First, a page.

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Final Fantasy VII was always one of the more popular installments in the series, so remaking it always seemed like a given, but it's a bit more surprising that the remake only focuses on the Midgar part of the game. The end result is a very good game in its own right, but one that doesn't always improve on the original.
The graphics are amazing, especially in comparison to how the original hasn't aged well, and the OST is excellent.
The remake is an action-RPG, in which you charge the ATB Gauge through attacking and/or waiting, and spend ATB charges to use spells, abilities or items. Rather than simply hacking away at your enemies, you're best off exploiting their weaknesses to fill the Stagger gauge, to knock them down and make them vulnerable. It's a fun mechanic, but I often found that bosses transitioned to their next phase before I could fill the Stagger gauge. The bosses are generally rather fun, but some can be a bit too long. It can also be rather difficult to recover if one or more party members are KOed and the remaining ones are at low health.
The Adaptation Expansion has its pros and cons, which I will discuss below.
On the plus side, it allows time for more Character Development for the cast and screentime for otherwise minor characters(see the characters paragraph). It also provides room for more worldbuilding, especially since Midgar is one of the more fascinating settings in an FF game.
The characters are generally quite well-done. Biggs, Wedge and Jessie are no longer Red Shirts, but have enough personality to be memorable supporting characters. Shinra is just as evil as ever, but it's also significantly more intelligent, and its acts of cruelty generally serve a greater plan. Sephiroth is an enigmatic villain, but his introduction in the remake lacks the impact he had in the original, where after being built up for some time, he debuts by killing President Shinra to establish himself as the Big Bad.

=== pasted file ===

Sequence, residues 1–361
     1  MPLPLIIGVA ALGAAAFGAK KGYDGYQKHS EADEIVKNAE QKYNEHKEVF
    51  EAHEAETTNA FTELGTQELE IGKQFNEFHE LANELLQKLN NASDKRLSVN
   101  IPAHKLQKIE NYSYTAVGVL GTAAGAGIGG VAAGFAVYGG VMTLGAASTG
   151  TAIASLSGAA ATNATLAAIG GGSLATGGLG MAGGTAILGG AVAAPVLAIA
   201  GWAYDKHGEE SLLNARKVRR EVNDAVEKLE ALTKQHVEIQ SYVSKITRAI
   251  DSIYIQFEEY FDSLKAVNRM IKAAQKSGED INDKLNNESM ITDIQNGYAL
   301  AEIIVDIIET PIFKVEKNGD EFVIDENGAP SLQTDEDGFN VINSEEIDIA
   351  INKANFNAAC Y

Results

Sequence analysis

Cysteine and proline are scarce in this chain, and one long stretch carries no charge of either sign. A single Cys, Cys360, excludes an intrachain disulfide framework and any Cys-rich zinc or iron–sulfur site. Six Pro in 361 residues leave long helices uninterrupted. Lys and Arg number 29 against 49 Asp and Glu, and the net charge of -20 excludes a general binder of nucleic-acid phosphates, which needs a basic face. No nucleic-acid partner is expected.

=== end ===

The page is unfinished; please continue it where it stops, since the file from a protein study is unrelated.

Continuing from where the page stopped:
On the minus side, it ends up being detrimental to the pacing. Entire areas seem to be added to pad out the game, particularly both trips to the sewers (which had only a single boss fight in the original) and much of Hojo's lab in the penultimate chapter. By comparison, the original was faster-paced and more engaging, especially since it only took place over the course of a few days. The sidequests can also be somewhat tedious, especially those that involve hunting down monsters. Since you can't go back and do them once you progress the story, I felt pressured to do as many as possible, but ultimately decided to skip most of the last batch of sidequests.
Without spoiling too much, the game had an appropriately climactic final battle, but it's clear that this is only the beginning, and subsequent installments will likely be more different from the original than this one was.
All in all, the Final Fantasy VII remake improves upon the original in many ways, even if the pacing leaves much to be desired.
...Got you doing it, huh?
I liked the demo I played, but I never did get to try out the full package. May change soon. My living situation\'s in a state of ultra-flux at the moment.
One thing I was iffy on was the way in which so many things besides basic attacks were gated behind the turn-equivalent, meaning the unstable equilibrium factor is fairly high and swings against the player, and that it\'s pretty hard to deal with flying enemies sometimes. Then again, I\'d just played a loooot of Dark Souls, and the controls were giving me a bad case of Damn You, Muscle Memory!.
Got me doing what, exactly?
I agree that flying enemies can be difficult to deal with, especially when you don\'t have Barret with you. Aerial combos worked somewhat better in Kingdom Hearts.
Sorry. Guess I flattered myself. I have a lot of reviews here titled “X Step(s) Forward, X Step(s) Back.”
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